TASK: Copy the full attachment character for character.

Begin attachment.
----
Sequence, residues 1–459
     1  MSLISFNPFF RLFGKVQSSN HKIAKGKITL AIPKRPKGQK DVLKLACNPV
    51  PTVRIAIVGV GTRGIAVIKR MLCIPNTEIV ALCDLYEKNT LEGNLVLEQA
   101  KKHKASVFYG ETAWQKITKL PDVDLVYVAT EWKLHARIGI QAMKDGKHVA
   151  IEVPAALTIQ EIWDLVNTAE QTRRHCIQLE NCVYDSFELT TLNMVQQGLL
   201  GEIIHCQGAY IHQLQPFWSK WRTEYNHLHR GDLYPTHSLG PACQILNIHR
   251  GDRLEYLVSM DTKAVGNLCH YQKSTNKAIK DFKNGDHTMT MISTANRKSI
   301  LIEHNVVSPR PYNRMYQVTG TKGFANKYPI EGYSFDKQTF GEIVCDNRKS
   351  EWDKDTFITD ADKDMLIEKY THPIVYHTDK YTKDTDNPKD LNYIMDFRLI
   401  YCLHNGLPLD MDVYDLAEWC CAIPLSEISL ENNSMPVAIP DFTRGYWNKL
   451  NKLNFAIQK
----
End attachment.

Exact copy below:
Sequence, residues 1–459
     1  MSLISFNPFF RLFGKVQSSN HKIAKGKITL AIPKRPKGQK DVLKLACNPV
    51  PTVRIAIVGV GTRGIAVIKR MLCIPNTEIV ALCDLYEKNT LEGNLVLEQA
   101  KKHKASVFYG ETAWQKITKL PDVDLVYVAT EWKLHARIGI QAMKDGKHVA
   151  IEVPAALTIQ EIWDLVNTAE QTRRHCIQLE NCVYDSFELT TLNMVQQGLL
   201  GEIIHCQGAY IHQLQPFWSK WRTEYNHLHR GDLYPTHSLG PACQILNIHR
   251  GDRLEYLVSM DTKAVGNLCH YQKSTNKAIK DFKNGDHTMT MISTANRKSI
   301  LIEHNVVSPR PYNRMYQVTG TKGFANKYPI EGYSFDKQTF GEIVCDNRKS
   351  EWDKDTFITD ADKDMLIEKY THPIVYHTDK YTKDTDNPKD LNYIMDFRLI
   401  YCLHNGLPLD MDVYDLAEWC CAIPLSEISL ENNSMPVAIP DFTRGYWNKL
   451  NKLNFAIQK